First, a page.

5. 5. Second day - Wayllabamba Campsite to Pacaymayo Campsite<br />The Porters wake up the passengers at 6am so that they can pack their things and have breakfast. The second day is considered by many the most difficult because one must climb 1200 metres to the highest point on the trail, the Warmiwañusca Pass (or Dead Woman’s Pass) at 4200 metres. This climb will take about four or five hours. When you arrive at the pass, you may feel like a rest. It can get quite cold at such an altitude so it is necessary to have lots of warm clothes. If you have contracted a porter to carry your things, don’t forget to have a thick jacket and long pants on hand for the pass. Once we have conquered the pass, we continue with a descent to the campsite. The descent takes about two hours, however, some groups like to stop and prepare lunch in the middle of the descent, in order to rest a little. Other groups like to have lunch in the campsite for the night - at Pacaymayo. In this form, you can rest for the whole afternoon. There are cold showers available at this campsite. Advice: It is possible to contract the services of porters to carry your backpacks for the whole journey. Alternatively, you might like to contract them to carry them to the Pass or to the campsite of Pacaymayo. This is recommended if you don’t feel prepared for the altitude and the long hike, it is more important to enjoy the walk than suffer under your backpack. You can coordinate this with your guide and pay your porter directly.<br />
  6. 6. Third Day: Pacaymayo Campsite to Wiñaywayna campsite<br />The third day is considered the most interesting, but it is also the longest. We begin with an ascent of an hour and a half to the Pass of Runkurakay, at an altitude of 3950 metres. On the trail we visit an ancient control post of the Incas, as well as a lagoon where it is possible to occasionally see deer drinking. Once we have climbed the pass, the rest of the trail is mostly downhill. While on the trail we visit four more ruins, the first being Sayacmarca which in the Inca period was a control point for the trails that headed toward Machu Picchu. After visiting these ruins, we will continue to Phuyupatamarca where groups often lunch. From here, the descent is inclined and tiring because it is mostly stairs. Finally, we arrive at the ruins of Intipata, a complex of terraces and andenes constructed in the middle of the slope of a heavily vegetated mountain. The trail winds finally to the campsite of Wiñaywayna where one can camp, buy a well deserved beer, or take a cold shower. You should also visit the ruins of Wiñaywayna which are similar in type to those of Intipata, but more impressive. <br />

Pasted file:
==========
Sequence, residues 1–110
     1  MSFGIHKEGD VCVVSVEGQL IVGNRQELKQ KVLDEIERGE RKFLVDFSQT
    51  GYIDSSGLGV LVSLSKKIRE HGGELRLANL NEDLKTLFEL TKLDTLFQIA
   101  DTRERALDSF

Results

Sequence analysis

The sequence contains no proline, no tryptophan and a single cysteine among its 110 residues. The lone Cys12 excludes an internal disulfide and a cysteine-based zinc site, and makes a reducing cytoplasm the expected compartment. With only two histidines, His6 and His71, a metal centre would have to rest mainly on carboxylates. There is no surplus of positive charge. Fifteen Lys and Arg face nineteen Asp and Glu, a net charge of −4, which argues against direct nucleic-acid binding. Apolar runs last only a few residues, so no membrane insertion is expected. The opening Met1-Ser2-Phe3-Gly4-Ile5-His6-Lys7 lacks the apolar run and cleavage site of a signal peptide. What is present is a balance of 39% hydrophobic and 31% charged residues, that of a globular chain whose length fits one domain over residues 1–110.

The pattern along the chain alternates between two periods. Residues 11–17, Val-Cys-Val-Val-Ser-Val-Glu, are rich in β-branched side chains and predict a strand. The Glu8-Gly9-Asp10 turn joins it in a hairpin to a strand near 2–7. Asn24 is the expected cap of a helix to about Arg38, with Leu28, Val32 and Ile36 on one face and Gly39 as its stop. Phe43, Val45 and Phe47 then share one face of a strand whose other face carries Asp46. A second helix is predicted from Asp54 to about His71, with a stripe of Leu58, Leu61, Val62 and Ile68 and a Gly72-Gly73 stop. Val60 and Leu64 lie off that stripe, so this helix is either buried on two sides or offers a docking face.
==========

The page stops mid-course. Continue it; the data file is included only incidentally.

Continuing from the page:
7. 7. Fourth day Wiñaywayna campsite to Machu Picchu<br />This day begins earlier than normal, at 5.30am, as the groups begin their walk towards Machu Picchu. It is important to carry a torch because it is dark at this time and the path is narrow. We arrive after an hour and a half of hiking at IntiPunku – or the sun gate, where it is it possible to see for the first time the majestic Inca city of Machu Picchu. From here it is only a half hour more to arrive at the ruins where you will have plenty of time to explore. It is recommended, if you have the energy, to climb the peak of Huayna Picchu from where you can have a spectacular view of the lost city. <br />
  8. 8. OurServicesinclude:<br />Pick up all participants from different hotels, then transfer by bus to 82Km. (start of the trail). <br />Entrance Fee, Inca Trail and Machupicchu city. <br />Large tents, each for 2 persons occupancy. <br />Mattresses, one per person. <br />Kitchen tent. <br />Dining tent. <br />Tables and chairs. <br />Toilet tent (This is used in case the campsite does not have toilets). <br />English speaking professional tour guide (over 8 members, 2 guides). <br />Expert cook. <br />Porters (only to carry tents, food supplies and kitchen equipment) <br />Train Ticket (Backpacker train from AguasCalientes village to Cusco). <br />Full meals during the trek. <br />Daily snack bag. <br />Daily afternoon tea service. <br />Daily wake up call tea, and warm water for washing. <br />Daily morning boiled and cold water to refill water bottles. <br />Emergency oxygen bottle and first aid kit. <br />Transfer train station / hotel <br />
  9. 9. Our services does not include<br />Breakfast the first morning (you can order an early breakfast at your hotel) <br />Lunch and Dinner the last day (on your own). <br />Hot springs pools visit (on your own). <br />Bus Ticket from Machu Picchu Inca city to AguasCalientes village. <br />Tips for the crew (guides, cooks and porters). <br />
  10. 10. Bringwithyou:<br />Water <br />Mosquito Repellent <br />Sun block and sunglasses <br />Trekking boots <br />Hat or cap <br />Towel <br />Toilet paper <br />Rain poncho <br />Warm but light Clothes <br /><br />